Infoscience

Journal article

Improvement of acetate production from lactose by growing Clostridium thermolacticum in mixed batch culture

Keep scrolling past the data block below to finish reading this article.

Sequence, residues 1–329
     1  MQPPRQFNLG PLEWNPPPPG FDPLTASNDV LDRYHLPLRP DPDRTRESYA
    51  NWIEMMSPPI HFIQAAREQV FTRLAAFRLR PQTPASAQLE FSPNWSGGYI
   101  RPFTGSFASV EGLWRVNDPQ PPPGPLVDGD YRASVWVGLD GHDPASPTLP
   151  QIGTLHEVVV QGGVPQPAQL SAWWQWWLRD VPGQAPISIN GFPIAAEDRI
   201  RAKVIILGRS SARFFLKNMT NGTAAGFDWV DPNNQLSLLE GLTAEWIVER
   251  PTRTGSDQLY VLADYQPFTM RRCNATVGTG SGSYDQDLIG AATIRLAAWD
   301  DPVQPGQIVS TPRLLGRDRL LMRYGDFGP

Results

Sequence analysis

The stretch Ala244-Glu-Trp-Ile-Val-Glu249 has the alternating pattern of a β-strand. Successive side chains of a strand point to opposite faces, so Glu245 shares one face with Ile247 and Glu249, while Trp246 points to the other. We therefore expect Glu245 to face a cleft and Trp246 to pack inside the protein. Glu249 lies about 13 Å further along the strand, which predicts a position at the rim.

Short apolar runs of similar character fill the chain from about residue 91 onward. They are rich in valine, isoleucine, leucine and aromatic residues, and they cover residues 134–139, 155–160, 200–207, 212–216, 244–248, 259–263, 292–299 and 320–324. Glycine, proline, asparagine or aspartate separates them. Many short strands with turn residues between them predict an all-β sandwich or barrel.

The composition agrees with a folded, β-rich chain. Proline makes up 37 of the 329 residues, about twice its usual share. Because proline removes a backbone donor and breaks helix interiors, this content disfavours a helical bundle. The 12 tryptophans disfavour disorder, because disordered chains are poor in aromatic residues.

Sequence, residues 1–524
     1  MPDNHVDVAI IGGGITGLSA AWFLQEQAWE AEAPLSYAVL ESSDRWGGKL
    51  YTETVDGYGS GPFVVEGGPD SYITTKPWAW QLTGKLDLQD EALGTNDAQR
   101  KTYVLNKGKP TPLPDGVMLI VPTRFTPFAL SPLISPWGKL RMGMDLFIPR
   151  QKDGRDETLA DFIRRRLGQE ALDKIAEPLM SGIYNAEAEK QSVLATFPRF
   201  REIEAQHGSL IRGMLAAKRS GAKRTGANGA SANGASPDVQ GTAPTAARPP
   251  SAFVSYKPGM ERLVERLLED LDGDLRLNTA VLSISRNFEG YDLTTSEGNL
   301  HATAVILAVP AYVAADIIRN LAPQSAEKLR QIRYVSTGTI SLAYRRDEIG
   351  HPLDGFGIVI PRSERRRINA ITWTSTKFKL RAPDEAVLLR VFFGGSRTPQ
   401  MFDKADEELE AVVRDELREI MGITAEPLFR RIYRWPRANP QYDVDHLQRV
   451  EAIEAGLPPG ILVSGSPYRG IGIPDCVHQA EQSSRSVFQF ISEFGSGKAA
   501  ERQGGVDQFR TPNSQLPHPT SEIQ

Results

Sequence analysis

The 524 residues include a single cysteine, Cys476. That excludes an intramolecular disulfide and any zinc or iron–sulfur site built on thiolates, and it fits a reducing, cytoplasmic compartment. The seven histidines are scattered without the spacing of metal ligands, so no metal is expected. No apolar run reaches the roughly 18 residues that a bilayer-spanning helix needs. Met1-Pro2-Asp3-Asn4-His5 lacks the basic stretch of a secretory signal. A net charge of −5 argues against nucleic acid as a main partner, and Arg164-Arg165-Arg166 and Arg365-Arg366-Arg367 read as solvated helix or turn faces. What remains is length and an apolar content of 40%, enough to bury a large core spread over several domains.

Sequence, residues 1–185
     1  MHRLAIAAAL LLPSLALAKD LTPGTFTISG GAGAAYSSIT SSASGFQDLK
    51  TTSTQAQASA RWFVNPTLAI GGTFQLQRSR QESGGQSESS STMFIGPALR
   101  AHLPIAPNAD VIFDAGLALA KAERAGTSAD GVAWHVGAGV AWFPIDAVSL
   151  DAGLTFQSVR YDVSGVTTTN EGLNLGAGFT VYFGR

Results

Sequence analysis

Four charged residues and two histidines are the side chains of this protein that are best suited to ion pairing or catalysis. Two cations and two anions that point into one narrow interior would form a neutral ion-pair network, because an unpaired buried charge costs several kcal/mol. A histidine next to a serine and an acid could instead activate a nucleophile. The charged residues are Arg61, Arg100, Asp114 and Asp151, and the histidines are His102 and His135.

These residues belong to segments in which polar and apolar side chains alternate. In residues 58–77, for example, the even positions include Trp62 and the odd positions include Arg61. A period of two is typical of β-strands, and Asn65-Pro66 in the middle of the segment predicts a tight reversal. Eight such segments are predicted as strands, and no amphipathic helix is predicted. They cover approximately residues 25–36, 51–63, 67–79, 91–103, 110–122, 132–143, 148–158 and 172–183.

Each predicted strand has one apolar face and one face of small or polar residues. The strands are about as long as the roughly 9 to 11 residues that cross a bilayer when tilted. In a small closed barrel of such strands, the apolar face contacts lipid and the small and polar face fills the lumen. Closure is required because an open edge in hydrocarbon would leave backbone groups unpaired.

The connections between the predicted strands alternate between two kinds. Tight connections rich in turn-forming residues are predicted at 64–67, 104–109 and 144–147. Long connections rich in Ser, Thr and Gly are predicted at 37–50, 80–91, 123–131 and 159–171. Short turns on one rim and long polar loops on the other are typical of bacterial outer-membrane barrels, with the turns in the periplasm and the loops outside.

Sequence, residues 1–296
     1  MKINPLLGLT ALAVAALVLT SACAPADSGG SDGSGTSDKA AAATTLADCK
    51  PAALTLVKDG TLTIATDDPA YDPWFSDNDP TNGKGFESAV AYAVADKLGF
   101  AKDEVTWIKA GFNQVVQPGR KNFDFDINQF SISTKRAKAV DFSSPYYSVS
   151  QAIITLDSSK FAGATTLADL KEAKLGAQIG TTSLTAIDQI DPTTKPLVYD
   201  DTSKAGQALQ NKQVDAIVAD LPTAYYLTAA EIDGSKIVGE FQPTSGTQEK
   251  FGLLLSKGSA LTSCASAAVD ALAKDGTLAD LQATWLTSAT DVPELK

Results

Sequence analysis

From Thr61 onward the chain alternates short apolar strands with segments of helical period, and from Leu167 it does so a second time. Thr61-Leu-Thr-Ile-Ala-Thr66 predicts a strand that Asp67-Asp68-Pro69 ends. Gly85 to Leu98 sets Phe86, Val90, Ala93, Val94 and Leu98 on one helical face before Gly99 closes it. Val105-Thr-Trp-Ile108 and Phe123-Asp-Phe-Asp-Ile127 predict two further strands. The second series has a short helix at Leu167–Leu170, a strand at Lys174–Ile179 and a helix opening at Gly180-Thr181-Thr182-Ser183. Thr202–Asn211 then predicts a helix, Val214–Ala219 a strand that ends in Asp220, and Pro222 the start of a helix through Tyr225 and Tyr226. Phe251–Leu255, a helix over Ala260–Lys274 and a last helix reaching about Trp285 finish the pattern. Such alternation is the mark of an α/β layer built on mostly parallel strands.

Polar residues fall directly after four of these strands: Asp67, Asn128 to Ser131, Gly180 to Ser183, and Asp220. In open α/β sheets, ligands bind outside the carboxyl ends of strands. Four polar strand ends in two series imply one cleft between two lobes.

Aims: The objective of this study was to increase the acetate production by Clostridium thermolacticum growing on lactose, available as a renewable resource in the milk and whey permeate from the cheese industry. Methods and Results: Experiments for increased acetate productivity by thermophilic anaerobes grown on lactose were carried out in batch cultures. Lactose at concentration of 30 mmol l(-1) (10 g l(-1)) was completely degraded by Cl. thermolacticum and growth rate was maximal. High concentrations of by-products, ethanol, lactate, hydrogen and carbon dioxide were generated. By using an efficient hydrogenotroph, Methanothermobacter thermoautotrophicus, in a defined thermophilic anaerobic consortium (58degreesC) with Cl. thermolacticum and the acetogenic Moorella thermoautotrophica, the hydrogen partial pressure was dramatically lowered. As a consequence, by-products concentrations were significantly reduced and acetate production was increased. Conclusion: Through efficient in situ hydrogen scavenging in the consortium, the metabolic pattern was modified in favour of acetate production, at the expense of reduced by-products like ethanol. Significance and Impact of the Study: The use of this thermophilic anaerobic consortium opens new opportunities for the efficient valorization of lactose, the main waste from the cheese industry, and production of calcium-magnesium acetate, an environmentally friendly road de-icer.

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